Tuesday, December 21, 2010

Dreaming of a White Christmas.

There's something to be said about Christmas trees. Fake or for real, they generate excitement.

At my home, 12 days before That Day, a well-loved cardboard box (bearing original price sticker from the 70s) is brought out of storage and contents inspected before decorating the tree begins.

Mrs Santa Claus is made of red and white felt, stands around eight centimeters tall with a black leather belt and a cotton stitched smile that could melt an exhausted reindeer's heart. Her partner, Mr Santa Claus, is attired similarly but his face is gruffer - like a goat chewing a discarded bicycle inner tube. By the way, titles were always a sign of respect and may mean a grander gift from the Jolly Man Himself who, according to parental knowledge, could be listening down the chimney at any time of the year.

A set of six brass bells comes next, chiming delicately, held by red ribbon bows - individually no bigger than a British penny. Older than the box, belonging to generations past, they are tarnished but still sound sweet. Their origin, unfortunately, is long forgotten but every year they are the decoration fought over, favoured by all ages.

"Careful with those; be gentle," admonishes an adult as several glass baubles are unwrapped from tight tissue cocoons. Held close for viewing, within sit bright-breasted Robins encased by a snow flaked sphere. A cold Christmas is an enigma for me, a southern-hemisphere girl, and as a child the fragile globes created a sense of wonder at how others celebrate this season around the world.

Next are the handmade ornaments; clay slabs painted by five-year-old fingers in their first year at school. Unglazed, unfired, rustic and rudimentary. The parents' favourite of course. Tinsel coils are then unrolled, loop by fraying loop. A sparkling array of green and blue strategically positioned on scratchy pine branches. They've seen better years but this tree is themed by tradition, rather than colour or cost. It is a family ritual, an event.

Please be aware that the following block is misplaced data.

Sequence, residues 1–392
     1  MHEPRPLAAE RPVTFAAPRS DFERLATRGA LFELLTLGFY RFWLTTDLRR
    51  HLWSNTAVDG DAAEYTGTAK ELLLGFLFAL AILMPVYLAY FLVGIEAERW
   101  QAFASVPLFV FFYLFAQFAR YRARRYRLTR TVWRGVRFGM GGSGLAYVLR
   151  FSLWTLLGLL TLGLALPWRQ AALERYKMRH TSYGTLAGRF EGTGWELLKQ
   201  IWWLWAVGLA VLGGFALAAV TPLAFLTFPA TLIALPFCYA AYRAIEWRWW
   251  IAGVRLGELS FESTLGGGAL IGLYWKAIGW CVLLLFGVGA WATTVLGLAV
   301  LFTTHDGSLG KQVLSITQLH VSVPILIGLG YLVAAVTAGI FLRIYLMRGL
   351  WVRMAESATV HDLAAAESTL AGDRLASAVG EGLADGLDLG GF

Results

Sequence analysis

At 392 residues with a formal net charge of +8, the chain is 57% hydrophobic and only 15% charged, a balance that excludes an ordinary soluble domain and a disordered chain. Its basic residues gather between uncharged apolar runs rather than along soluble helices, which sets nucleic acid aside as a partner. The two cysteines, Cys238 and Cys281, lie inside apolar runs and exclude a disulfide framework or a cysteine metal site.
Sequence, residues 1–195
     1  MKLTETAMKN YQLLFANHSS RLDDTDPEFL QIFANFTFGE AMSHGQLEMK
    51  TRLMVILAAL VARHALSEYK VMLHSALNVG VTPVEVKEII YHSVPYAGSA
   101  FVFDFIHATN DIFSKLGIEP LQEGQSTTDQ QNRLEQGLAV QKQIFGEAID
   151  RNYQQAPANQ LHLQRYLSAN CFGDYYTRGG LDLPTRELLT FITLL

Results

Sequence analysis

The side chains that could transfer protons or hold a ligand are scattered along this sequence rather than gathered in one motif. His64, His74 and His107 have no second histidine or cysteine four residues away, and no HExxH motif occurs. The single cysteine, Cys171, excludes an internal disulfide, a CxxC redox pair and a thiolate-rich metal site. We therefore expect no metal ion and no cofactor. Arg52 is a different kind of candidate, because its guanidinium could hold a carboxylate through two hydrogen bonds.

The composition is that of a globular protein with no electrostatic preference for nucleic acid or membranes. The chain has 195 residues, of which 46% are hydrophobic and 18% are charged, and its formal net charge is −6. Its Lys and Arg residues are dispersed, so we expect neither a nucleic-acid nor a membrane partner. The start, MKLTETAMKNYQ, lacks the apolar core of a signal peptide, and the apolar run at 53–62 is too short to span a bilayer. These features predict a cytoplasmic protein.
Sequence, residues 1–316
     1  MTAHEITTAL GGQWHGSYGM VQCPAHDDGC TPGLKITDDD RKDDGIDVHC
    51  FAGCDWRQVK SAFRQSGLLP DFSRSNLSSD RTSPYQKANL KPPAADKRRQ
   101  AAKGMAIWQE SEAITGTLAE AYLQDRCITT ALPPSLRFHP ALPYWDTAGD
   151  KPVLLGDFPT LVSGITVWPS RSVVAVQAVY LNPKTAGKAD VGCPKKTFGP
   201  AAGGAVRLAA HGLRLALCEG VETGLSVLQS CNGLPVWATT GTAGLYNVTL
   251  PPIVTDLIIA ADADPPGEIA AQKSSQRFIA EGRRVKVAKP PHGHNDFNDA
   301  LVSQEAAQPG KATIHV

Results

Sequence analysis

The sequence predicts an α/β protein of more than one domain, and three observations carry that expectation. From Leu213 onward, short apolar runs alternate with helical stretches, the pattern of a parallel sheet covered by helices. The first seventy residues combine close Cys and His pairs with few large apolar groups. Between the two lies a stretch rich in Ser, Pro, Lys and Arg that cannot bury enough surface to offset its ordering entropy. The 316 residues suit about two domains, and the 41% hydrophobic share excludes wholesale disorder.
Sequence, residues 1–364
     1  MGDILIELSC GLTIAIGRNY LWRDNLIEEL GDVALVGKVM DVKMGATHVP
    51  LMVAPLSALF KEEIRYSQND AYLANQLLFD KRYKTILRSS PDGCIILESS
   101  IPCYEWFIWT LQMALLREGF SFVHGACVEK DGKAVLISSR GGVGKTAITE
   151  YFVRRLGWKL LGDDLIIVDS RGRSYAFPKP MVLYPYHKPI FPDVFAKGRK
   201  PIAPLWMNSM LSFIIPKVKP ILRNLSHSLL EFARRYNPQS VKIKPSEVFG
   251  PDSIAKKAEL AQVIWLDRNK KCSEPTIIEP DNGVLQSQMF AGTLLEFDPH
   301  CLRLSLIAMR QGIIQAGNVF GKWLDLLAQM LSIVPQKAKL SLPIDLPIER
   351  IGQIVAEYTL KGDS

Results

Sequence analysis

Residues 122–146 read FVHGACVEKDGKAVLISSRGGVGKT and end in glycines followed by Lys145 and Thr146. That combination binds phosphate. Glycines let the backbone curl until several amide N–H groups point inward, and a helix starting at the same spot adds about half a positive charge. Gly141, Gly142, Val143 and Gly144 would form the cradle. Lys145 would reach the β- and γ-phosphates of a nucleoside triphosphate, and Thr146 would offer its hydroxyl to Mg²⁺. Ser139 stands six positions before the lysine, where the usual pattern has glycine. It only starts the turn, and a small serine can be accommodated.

Candy canes come last, almost as an afterthought, but before them is the celebrity of the show. My family is not of a particular faith, believing a star is what wishes can be made on, whether shooting across a night sky or placed at the top of an evergreen. It is a symbol of hope and togetherness, which is important - because this year there will be no decorating the tree for me.

There will be no Mrs and Mr Claus dictating scary Santa scenarios. The tinsel will remain tightly wound, the once-a-year ceramic memories will lie buried beneath silent bells. The shining star will cast no Yuletide magic.

But those birds in their breakable orb might just fly free to show me their realm as the temperature drops by the day and this southern hemisphere girl looks forward to her first ever white Christmas.


  1. Love the way you write - so special having a white Christmas!! (it's stinking hot here)

  2. What!? Do you really mean that the tradition and ritual will not continue back in NZ in your absence? Sacre bleu!
    This is a truly lovely account of the pure joy of Christmas with family. It certainly put me in connection with my equally meaningful and precious Christmas tree decorations safely tucked away in our lockup awaiting our return at some future Christmas.

  3. Beautifully written! Stirred emotion, and makes me miss you guys more (if that is possible!).
    I would love to enjoy a white Christmas... And even though you have not had the usual traditions of the tree or Mr Claus, there is still a magic about the season. Enjoy it!